When St. John’s junior Najaah Daniels was working at the annual White House Easter Egg Roll on Easter Sunday, she met a 10-year-old boy who said he wanted to be a politician when he grows up. She was surprised; while politics and politicians are usually seen with ‘bad publicity’ around the world. The last time she had encountered someone that young who wanted to pursue a career in politics was years ago. This young, yet, bright and ambitious girl saw in the boy her 13-year-old self. “You’re going to be my running mate,” she said to the boy.
Daniels hopes to someday become a politician, and she has taken an important step in that direction. This spring, she began a prestigious internship working as a White House intern in Vice President Joseph Biden’s office. Daniels is working in the Violence Against Women Department under Lynn Rosenthal, the White House Advisor on Violence Against Women.
“From the beginning, I knew my life would be different because of the color of my skin,” Daniels said. “Because I was being a woman and because I am a minority.”
She is majoring in rhetoric and public address at St. John’s, with a double minor in philosophy and sociology. As a child, Daniels had an unusual upbringing. She was born in the South Bronx and she lived with her biological parents until she was about 6 years old. Later, her aunt and uncle in the town of Pomona, Rockland County, N.Y., adopted her.
Growing up, she was strongly influenced by those surrounding her, who include her ‘strong’ adoptive mother as well as her five younger sisters, who motivate her to be the best role model she can be.
Daniels likes to think of herself as a “very self-sufficient” person who looks for opportunities rather than waiting for them to come to her.
Last year, through her own research and hard work, she was able to land an internship working for the Lawyers Committee for Civil Rights Under Law. She spent her summer as one of the two students picked across the country to work as a “FirstGen” (first generation) Fellow and a Public Policy Intern on Capitol Hill.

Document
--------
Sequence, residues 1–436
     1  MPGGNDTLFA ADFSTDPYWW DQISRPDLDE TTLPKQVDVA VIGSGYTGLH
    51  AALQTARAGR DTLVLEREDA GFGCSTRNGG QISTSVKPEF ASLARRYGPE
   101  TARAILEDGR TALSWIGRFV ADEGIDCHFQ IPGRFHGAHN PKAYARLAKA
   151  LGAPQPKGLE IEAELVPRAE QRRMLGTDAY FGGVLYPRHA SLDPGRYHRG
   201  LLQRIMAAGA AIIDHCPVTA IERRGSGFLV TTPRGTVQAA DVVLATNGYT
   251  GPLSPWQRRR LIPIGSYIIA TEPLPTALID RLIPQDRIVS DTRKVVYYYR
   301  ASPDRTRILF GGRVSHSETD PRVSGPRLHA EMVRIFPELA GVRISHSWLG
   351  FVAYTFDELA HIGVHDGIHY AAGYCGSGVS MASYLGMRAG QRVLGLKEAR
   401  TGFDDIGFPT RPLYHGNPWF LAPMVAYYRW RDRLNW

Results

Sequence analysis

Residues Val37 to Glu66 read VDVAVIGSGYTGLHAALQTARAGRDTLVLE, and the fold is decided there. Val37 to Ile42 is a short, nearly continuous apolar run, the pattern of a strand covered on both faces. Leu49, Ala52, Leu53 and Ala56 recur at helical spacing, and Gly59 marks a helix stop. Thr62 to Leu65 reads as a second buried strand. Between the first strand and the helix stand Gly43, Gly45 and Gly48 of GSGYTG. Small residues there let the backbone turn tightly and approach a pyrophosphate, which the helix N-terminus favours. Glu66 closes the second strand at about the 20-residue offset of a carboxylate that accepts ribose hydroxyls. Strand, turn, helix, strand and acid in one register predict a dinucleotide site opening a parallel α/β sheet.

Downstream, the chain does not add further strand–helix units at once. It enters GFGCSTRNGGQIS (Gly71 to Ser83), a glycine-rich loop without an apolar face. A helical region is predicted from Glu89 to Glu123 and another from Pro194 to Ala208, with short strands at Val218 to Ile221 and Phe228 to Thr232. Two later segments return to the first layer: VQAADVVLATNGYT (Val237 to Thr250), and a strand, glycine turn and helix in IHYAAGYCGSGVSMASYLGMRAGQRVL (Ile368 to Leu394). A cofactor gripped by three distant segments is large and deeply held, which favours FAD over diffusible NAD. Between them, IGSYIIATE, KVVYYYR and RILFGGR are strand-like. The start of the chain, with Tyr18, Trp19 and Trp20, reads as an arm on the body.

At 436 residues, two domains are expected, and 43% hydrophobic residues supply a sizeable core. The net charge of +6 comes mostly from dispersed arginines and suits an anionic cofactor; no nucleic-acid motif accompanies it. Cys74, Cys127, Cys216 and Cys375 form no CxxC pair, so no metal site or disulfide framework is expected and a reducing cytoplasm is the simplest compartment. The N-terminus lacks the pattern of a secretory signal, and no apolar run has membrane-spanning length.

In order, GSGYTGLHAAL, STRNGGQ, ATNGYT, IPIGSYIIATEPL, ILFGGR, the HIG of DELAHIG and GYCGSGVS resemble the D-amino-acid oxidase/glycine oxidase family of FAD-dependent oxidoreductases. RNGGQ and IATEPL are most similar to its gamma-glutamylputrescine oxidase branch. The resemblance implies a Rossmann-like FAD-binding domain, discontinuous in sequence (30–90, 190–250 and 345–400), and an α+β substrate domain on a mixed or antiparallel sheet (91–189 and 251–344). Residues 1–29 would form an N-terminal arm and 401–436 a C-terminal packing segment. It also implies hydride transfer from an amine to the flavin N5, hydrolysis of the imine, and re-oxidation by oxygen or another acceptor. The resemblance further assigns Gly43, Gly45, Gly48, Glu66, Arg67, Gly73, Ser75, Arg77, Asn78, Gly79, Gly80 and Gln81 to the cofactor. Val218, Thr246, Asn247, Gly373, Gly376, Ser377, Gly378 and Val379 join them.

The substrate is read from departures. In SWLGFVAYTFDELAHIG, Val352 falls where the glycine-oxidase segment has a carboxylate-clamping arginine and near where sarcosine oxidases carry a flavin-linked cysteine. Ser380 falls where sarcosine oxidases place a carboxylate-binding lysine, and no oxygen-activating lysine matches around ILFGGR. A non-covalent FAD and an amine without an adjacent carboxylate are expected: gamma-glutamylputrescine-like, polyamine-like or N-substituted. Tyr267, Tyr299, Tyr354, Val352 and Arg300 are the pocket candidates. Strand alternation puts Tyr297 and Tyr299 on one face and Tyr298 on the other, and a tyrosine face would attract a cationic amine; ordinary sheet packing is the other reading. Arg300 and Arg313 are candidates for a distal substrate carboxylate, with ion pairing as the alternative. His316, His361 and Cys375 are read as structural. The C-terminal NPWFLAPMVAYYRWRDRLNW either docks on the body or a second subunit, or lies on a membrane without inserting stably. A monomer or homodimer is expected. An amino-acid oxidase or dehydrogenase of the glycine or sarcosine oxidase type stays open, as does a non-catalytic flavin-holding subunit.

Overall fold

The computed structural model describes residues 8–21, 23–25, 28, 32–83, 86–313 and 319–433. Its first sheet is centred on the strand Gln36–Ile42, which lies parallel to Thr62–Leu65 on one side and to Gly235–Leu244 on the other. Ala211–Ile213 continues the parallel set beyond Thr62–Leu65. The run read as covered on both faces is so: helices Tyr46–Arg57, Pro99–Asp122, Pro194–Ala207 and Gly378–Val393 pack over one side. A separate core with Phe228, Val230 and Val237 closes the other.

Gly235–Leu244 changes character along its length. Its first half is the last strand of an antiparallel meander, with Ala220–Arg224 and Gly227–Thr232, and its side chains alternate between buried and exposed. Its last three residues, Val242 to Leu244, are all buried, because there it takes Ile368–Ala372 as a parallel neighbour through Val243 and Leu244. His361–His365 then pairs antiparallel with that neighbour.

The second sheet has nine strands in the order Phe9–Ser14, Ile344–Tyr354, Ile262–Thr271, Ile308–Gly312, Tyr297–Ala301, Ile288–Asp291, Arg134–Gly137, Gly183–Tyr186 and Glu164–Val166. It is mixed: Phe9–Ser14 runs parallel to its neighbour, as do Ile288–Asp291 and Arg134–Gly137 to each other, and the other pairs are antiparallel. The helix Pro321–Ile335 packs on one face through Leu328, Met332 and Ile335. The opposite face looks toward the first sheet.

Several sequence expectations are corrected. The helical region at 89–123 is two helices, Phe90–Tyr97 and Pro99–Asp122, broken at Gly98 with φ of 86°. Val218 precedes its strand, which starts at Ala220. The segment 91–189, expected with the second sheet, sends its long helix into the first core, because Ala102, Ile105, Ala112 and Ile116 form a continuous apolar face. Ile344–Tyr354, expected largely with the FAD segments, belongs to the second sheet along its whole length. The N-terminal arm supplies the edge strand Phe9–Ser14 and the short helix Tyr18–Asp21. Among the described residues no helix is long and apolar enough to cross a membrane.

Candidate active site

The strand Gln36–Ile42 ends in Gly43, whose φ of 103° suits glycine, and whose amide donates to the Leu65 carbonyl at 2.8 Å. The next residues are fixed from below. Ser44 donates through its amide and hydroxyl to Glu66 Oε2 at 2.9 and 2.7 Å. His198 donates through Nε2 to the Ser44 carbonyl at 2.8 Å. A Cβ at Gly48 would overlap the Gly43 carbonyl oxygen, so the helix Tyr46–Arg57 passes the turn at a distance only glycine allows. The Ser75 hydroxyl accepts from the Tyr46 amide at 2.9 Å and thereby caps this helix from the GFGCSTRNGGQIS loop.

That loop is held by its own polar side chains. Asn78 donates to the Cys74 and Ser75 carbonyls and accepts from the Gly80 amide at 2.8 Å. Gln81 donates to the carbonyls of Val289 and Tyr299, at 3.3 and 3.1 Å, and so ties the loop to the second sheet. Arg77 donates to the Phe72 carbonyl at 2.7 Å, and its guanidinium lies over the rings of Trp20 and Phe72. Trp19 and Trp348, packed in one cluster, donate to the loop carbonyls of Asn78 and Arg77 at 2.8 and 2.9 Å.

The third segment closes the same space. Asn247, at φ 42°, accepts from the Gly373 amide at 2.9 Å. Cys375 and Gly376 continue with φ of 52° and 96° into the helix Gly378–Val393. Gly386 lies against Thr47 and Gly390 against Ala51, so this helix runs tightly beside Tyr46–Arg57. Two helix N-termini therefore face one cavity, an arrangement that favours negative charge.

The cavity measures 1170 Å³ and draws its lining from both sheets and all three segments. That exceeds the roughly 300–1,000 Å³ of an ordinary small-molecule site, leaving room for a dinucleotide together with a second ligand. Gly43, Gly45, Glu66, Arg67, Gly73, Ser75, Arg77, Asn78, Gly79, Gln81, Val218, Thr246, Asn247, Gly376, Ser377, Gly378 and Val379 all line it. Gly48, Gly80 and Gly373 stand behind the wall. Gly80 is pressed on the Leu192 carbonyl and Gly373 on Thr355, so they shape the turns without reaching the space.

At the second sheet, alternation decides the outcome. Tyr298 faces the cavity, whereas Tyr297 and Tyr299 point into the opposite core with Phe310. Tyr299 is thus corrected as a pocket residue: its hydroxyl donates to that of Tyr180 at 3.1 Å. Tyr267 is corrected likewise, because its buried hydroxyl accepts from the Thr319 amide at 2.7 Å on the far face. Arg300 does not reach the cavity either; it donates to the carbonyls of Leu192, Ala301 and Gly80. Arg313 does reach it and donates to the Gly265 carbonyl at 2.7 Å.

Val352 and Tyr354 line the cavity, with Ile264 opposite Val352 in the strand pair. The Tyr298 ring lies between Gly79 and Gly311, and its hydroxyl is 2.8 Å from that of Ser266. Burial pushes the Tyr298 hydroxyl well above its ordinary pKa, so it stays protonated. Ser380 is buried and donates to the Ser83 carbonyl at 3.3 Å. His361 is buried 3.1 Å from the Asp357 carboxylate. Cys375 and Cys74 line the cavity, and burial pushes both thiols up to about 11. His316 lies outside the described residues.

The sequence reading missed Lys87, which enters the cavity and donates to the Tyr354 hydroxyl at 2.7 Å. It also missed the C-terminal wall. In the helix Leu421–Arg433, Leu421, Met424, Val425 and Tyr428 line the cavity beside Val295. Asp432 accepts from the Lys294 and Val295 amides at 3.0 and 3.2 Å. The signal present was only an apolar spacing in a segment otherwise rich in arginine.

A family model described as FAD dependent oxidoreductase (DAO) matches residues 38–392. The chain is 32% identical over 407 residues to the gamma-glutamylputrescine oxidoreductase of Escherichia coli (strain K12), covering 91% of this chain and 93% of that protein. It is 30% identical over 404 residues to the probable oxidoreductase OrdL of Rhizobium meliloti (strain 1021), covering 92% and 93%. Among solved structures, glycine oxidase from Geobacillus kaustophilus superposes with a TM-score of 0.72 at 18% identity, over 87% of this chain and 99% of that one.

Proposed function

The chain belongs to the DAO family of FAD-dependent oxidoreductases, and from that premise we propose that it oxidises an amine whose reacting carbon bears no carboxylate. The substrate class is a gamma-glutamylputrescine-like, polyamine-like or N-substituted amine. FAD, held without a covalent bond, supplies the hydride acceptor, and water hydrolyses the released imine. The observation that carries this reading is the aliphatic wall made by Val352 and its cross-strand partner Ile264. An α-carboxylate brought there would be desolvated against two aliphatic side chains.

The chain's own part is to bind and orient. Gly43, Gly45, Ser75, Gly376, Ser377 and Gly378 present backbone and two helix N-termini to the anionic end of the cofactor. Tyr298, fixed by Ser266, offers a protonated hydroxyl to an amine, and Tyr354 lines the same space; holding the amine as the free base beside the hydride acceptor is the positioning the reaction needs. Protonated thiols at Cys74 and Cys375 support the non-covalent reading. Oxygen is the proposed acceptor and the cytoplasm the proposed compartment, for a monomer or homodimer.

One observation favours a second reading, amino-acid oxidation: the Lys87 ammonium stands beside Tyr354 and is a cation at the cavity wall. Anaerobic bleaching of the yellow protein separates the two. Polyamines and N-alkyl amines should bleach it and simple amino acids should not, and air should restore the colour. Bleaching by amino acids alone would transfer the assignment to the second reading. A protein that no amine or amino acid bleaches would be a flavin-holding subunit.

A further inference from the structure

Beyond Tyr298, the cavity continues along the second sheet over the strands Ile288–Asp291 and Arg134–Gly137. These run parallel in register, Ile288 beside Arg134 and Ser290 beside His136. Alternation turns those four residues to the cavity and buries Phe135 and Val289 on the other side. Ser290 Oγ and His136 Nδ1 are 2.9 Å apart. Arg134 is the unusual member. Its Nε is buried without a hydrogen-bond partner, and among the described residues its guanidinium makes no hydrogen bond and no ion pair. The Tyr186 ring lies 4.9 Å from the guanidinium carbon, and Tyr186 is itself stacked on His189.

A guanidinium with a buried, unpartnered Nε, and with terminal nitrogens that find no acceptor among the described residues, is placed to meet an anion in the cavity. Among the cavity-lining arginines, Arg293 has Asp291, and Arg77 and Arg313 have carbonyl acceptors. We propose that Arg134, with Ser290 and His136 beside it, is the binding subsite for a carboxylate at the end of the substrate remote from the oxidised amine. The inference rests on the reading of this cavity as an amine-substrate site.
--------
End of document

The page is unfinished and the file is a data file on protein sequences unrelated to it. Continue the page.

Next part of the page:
“I had an amazing experience,” Daniels said. “When I left (Washington) D.C in August and was back in school, I realized that I really wanted to try to work in the White House,” Daniels remarked.
Daniels wasted no time on trying to make her way back into Washington, this time, in the White House. Though the process was longer than it would be because of the government shutdown, she had a successful interview to work in the office of the vice president, more specifically in the Violence Against Woman Department with Lynn Rosenthal.
Within a week from hearing back from them, she was accepted to spend the spring working in the White House.
President Obama created the White House Task Force to Protect Students from Sexual Assault on Jan. 22 of 2014 just a couple of days before Daniels began her internship. This project is a combination of inter-governmental actions to prevent on-campus rape and sexual assault across the country.
This project has been her main priority during her time in the White House.